The title I decided to give this blog post is "Lessons from Whitney".       And yes, there is a lesson here.  The lesson for me is that even the greatest among us can have this issue and for Whitney, there is a good chance that this problem may have played a role in her death.    Seeking perfection when you already have it but do not recognize it or accept it is a sure path to unhappiness and even self destruction.   My heart breaks for Whitney Houston and her family as they struggle to come to terms with her death at age 48.     But I also know for me that the lesson is pretty plain:   Start working on yourself, kiddo.    Learn to love yourself for who you are and what you have to offer the world.    No, I am not talking about a self important, conceited kind of love.  We already have plenty of that in the world.    I am talking about acceptance of yourself without adding a footnote of "if only I was......"  Fill in the blank.   Prettier, funnier, smarter, thinner, wiser.    This is about accepting myself the way I am, looking at the gifts and talents, appreciating them and leaving the flaws for someone else to analyze.     

Being a self diagnosed "impostor" (I can check every box on an impostor syndrome scale!), I know what it's like to have the cold sweat of fear that creeps into my head when it's time to get graded on a performance.   I know only too well the irrational feeling that this time the truth will find me hiding behind my false bravado.  But Kevin Costner's words today about Whitney Houston spoke to me loudly and with authority.   It was easy to see how profoundly this problem affected her life.    I do not want to spend another day of my life feeling this way.     

When people have told me that they enjoy reading things I have written, I am grateful and do enjoy feedback.    The problem is that with each blog post, each story I write, I worry and fret that this is the one that will be my undoing.    My intention from this moment forward is to spend my energies writing (and doing art and other things I love to do) without listening to the voice in me that tells me what I have written is no good.   Or the art I create is somehow lacking....or lame, as my grandchildren say.      The lesson from Whitney is that all of us have gifts and talents to share with the world, even if we're not super stars.     The key to understanding that is to be your own best fan to start with.     Learn to love who you are, believe in yourself and you will have a much happier, peaceful life.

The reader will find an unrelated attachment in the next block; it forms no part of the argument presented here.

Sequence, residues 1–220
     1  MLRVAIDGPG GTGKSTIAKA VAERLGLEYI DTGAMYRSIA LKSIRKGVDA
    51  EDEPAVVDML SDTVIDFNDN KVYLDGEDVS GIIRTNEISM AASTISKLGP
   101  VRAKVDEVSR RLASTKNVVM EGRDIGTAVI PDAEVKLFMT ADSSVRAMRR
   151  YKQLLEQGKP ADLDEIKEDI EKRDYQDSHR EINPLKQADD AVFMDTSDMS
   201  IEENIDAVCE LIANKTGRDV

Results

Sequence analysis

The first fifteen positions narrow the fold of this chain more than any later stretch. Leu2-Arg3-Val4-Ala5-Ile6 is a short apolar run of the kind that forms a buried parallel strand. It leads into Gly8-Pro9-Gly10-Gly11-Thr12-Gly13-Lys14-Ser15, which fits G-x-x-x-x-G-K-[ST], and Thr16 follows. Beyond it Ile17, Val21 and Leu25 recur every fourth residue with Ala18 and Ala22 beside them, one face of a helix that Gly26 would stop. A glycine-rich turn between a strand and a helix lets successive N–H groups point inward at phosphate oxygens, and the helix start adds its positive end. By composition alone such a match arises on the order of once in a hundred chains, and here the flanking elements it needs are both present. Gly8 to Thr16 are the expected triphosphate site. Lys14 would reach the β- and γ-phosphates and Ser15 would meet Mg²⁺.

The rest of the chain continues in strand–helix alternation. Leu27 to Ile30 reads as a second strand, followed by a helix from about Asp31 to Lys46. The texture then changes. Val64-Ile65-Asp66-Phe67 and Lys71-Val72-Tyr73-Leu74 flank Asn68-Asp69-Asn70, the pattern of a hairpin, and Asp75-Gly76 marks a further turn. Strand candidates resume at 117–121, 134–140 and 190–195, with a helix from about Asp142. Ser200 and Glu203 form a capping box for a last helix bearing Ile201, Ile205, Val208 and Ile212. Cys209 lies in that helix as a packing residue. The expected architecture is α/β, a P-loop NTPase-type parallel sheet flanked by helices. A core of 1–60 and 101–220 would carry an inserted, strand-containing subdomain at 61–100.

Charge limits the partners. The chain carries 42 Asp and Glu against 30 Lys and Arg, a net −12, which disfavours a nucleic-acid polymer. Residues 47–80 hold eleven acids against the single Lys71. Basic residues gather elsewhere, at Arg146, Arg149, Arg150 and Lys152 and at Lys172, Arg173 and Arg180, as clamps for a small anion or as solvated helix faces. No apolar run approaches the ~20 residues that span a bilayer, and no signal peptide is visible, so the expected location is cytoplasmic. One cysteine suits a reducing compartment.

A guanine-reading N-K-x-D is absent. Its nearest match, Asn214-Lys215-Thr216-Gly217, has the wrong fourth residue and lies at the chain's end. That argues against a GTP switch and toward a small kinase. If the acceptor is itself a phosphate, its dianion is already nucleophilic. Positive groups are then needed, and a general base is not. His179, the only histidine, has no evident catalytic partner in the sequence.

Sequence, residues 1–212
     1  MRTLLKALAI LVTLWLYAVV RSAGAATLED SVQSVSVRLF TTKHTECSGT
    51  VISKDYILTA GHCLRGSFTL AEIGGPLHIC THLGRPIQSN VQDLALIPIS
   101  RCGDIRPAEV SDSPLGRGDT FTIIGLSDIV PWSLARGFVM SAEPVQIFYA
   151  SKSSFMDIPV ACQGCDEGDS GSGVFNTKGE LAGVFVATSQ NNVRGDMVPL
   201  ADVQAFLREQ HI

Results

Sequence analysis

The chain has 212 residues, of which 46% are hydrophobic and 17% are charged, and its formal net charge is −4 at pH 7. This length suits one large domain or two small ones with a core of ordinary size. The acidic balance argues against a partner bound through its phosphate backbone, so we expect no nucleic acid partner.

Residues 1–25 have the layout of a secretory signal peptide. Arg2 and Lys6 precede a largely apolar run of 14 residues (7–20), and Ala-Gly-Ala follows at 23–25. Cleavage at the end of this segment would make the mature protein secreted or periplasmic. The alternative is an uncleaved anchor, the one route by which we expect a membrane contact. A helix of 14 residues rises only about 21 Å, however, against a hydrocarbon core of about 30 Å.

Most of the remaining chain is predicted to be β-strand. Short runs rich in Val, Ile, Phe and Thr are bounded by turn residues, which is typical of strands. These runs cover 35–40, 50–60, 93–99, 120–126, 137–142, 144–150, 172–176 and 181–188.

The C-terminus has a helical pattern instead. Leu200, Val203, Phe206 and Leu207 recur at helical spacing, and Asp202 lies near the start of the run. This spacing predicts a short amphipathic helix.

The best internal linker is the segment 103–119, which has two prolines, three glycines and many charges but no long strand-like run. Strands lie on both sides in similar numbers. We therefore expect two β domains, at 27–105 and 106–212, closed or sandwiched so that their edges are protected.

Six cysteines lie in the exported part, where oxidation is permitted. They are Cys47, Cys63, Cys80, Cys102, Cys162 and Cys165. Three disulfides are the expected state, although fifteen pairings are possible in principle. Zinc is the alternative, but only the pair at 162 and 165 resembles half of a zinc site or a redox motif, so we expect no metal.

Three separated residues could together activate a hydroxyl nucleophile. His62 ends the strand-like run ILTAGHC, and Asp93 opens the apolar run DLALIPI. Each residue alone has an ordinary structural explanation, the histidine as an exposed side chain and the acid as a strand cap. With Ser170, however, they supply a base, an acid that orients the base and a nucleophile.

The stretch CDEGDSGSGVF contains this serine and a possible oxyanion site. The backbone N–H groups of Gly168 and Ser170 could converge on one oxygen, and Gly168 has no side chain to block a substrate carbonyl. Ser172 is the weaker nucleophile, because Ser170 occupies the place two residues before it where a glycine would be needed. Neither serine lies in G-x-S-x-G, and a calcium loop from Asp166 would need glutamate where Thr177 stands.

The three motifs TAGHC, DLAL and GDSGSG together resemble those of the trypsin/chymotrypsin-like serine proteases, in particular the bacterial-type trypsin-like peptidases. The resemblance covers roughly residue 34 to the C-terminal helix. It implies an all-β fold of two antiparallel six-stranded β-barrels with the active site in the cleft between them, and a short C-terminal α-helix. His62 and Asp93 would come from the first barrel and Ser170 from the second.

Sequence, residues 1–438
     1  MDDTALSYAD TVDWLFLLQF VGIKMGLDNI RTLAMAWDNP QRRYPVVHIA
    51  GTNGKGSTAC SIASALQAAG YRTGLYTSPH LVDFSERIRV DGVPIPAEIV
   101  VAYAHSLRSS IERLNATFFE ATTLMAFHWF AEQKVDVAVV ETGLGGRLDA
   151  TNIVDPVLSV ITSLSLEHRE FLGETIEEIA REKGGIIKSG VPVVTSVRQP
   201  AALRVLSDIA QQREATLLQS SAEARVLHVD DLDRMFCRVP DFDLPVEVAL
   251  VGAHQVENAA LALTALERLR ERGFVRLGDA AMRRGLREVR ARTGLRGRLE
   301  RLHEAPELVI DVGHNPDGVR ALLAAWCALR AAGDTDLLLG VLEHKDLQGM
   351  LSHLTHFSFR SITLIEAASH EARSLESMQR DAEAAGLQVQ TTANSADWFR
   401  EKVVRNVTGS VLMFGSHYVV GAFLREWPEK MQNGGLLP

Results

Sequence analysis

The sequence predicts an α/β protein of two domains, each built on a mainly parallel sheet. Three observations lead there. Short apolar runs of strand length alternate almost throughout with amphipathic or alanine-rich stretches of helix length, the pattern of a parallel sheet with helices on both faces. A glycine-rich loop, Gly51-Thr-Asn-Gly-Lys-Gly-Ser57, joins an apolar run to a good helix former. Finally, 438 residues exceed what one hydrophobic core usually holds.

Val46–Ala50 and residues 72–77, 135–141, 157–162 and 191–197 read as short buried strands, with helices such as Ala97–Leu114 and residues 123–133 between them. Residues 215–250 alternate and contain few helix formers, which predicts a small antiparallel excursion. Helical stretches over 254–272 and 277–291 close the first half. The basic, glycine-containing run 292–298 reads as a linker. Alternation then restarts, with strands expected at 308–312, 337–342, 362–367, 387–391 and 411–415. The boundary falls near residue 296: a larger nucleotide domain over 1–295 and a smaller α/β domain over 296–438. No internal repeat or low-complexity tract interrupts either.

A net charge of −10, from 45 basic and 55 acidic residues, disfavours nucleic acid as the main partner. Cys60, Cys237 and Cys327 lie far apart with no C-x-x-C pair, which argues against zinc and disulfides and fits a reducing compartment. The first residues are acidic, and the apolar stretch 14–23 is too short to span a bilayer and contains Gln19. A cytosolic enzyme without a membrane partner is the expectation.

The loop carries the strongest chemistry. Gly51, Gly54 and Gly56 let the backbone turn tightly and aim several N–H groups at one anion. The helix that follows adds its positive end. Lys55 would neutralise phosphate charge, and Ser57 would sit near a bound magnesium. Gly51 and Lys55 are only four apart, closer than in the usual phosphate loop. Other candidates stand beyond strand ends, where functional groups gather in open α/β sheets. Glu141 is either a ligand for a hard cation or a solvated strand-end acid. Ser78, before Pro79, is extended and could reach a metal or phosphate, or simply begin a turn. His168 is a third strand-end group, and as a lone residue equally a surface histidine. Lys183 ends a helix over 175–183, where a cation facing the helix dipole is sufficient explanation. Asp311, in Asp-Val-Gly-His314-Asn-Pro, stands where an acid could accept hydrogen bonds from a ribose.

I hope that now Whitney has found peace and understands what she gave the world.    And I hope I can hold on to the feeling I had listening to Kevin Costner telling the story of her struggle.  It made me cry, but it also gave me a wake up call.    I want to use those feelings to help me be happy with who I am, what I am and what I am becoming.   

Happy Trails and Cheers to you as you find your way in this world~~~


Saturday, February 11, 2012

Let the Cold Winds Blow: It's Soup Night!

For some time, everyone I meet has commented on our "lack of winter weather".    It's not that we haven't had any cold weather, just not very much.    In fact, so little that I still have a few vincas growing in flower pots around the yard.    Most of that stuff gets nipped back after the first good frost and won't show a single leaf or twig until spring has arrived.    Larry planted a pineapple top way back last year and even it is still hanging in there even though he forgot it a few nights when it was pretty cold.     And to add to the confusion, many azaleas and red bud trees are already starting to show their lovely pink blossoms, even though they should still be keeping those things well tucked away for a couple more months.   

For some reason, people seem to assume that since we live in FLORI-DUH, land of eternal sunshine, palm trees and sandy beaches, we don't have winter.    What they may not realize is that we live in Northern Florida---northwest Florida to be exact.   So by rights, if things had been fair and square back when they were divvying up acreage, Alabama should have gotten the very spot where our house is built.    And come to think of it, Georgia got gypped, too, when you look a little bit east of here on any good U.S. map.    So while we often have mild winters, that is not the same as NO winter.    If you want to live where people often don't even have heaters in their homes (since they seldom need them), you gotta go about 900 miles south of here to Ft. Lauderdale or Miami.